Opteron 6234 - $400
AMD Opteron 6234 Interlagos 2.4GHz 16MB L3 Cache S...

FX isn't the only series which used Bulldozer
Posted on Reply
#18
mastrdrver
by: seronx
Two cores
Four cores
Eight cores

The Bulldozer family module can have any number of cores and tri-core is possible but not logical
No.

A module is considered by AMD to be 2 cores. A module is also the smallest working unit and thus a single core can not be disabled. Cores have to be disabled in pairs. Since the smallest unit that can be disabled in an entire module and not individual cores.
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#19
seronx
by: mastrdrver
No.

A module is considered by AMD to be 2 cores. A module is also the smallest working unit and thus a single core can not be disabled. Cores have to be disabled in pairs. Since the smallest unit that can be disabled in an entire module and not individual cores.
You can disable cores...

Power gating is allocated to each core and the module(You can have either the whole module turned off or have one or the other core turned off)
Posted on Reply
#20
Super XP
by: mastrdrver
No.

A module is considered by AMD to be 2 cores. A module is also the smallest working unit and thus a single core can not be disabled. Cores have to be disabled in pairs. Since the smallest unit that can be disabled in an entire module and not individual cores.
Just like seronx you can disable 1 core per module.
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#21
xenocide
by: seronx

The FX series has the same power/performance compared to Phenom II in the same usage of threads
Well every review had different power numbers because the FX-8150 was largely inconsistent when it came to power draw. It did seem to use at least as much power as Phenom II's did, which is the complete opposite of Intel where each line seems to use less power...
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#22
seronx
by: xenocide
Well every review had different power numbers because the FX-8150 was largely inconsistent when it came to power draw. It did seem to use at least as much power as Phenom II's did, which is the complete opposite of Intel where each line seems to use less power...
The inconsistency is do variations in benchmarking methodology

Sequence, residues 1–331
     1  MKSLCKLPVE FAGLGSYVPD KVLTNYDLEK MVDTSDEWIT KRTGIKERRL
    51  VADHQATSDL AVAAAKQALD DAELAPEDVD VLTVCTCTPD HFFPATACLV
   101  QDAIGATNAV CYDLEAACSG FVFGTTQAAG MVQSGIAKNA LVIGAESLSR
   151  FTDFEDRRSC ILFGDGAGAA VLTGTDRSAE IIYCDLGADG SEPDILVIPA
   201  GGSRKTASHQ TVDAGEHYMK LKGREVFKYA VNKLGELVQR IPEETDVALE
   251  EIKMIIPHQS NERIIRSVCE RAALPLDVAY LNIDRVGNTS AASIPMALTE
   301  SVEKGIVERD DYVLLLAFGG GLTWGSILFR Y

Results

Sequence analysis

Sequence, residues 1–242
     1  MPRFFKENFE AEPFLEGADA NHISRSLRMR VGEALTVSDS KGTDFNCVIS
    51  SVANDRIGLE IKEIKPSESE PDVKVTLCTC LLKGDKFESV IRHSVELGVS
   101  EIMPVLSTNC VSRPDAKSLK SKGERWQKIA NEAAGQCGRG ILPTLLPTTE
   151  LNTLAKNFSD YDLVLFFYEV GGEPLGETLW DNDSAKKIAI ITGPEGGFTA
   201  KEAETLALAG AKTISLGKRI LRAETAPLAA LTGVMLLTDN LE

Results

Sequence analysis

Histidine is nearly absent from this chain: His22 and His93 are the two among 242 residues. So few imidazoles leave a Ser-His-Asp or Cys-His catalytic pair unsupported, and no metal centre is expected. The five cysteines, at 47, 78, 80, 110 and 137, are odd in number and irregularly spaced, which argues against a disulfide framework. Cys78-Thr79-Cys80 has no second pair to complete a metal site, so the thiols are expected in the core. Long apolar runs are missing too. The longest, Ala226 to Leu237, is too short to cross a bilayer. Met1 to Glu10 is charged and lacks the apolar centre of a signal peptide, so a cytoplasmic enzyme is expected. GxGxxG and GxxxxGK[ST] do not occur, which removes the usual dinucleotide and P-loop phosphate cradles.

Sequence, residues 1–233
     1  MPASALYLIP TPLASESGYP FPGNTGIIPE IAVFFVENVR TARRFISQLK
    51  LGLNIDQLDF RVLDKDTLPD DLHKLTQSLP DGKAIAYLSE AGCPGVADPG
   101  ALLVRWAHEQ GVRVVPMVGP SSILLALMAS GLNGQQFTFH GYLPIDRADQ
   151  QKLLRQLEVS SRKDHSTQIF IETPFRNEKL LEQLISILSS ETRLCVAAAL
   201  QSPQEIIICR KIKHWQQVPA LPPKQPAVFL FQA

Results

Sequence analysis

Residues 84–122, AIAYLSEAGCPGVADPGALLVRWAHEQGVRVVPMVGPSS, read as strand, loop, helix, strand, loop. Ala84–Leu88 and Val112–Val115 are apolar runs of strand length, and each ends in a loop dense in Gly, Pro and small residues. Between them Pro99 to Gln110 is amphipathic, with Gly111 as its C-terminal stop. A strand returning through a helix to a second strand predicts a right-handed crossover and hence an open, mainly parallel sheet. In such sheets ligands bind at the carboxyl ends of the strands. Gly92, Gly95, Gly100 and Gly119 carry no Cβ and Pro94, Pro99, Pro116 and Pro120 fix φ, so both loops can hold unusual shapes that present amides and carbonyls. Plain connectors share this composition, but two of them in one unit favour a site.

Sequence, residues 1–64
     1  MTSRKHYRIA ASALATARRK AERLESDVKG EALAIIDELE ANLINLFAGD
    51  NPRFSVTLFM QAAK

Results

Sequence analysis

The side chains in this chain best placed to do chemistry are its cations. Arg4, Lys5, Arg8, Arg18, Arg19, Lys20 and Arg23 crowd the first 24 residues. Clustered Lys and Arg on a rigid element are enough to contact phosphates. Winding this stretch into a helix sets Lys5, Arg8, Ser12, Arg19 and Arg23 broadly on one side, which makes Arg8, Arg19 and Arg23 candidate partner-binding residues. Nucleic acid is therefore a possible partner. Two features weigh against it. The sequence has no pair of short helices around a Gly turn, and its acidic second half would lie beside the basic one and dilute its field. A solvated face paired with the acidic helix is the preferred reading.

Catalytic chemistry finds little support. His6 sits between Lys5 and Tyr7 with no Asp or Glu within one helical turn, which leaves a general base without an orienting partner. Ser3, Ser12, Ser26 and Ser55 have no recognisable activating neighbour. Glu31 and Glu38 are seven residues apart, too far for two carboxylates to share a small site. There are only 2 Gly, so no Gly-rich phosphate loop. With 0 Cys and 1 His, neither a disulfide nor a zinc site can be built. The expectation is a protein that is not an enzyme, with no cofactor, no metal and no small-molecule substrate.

Some used 3dmark/game, some used Cinebench, some used a HPC app, and some used LinX/IBT/OCCT/Prime95.

AMD didn't change the socket thus power specification hasn't changed. Intel changes sockets and with that comes changes in power consumption and other components

FM2/C2012/G2012 Komodo/Sepang/Terramar would have brought the power specification change that AMD needed and it would come with an embedded NB and I/O Links but those were killed off for the more "affordable" and much "cheaper" Vishera/Seoul/Abu Dahbi
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#23
DrunkenMafia
I can't say I am going to be excited over this piledriver considering how much hype was around BD launch.. :(
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#24
theoneandonlymrk
by: DrunkenMafia
I can't say I am going to be excited over this piledriver considering how much hype was around BD launch..
probably wise, heres hopein though eh:D
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#25
mastrdrver
by: seronx
You can disable cores...

Power gating is allocated to each core and the module(You can have either the whole module turned off or have one or the other core turned off)
by: Super XP
Just like seronx you can disable 1 core per module.
Actually your still wrong.

The BIOS does not disable the other core in the module since it is the whole module that is power gated.

The BIOS just does not expose the other core to the OS. AMD only power gates the module not the cores since the cores share parts and to shut down the only part that is not shared would save little to no power.

edit:The Tech Report's Bulldozer Review
The headliner here, though, is the use of power gates for each of the modules.......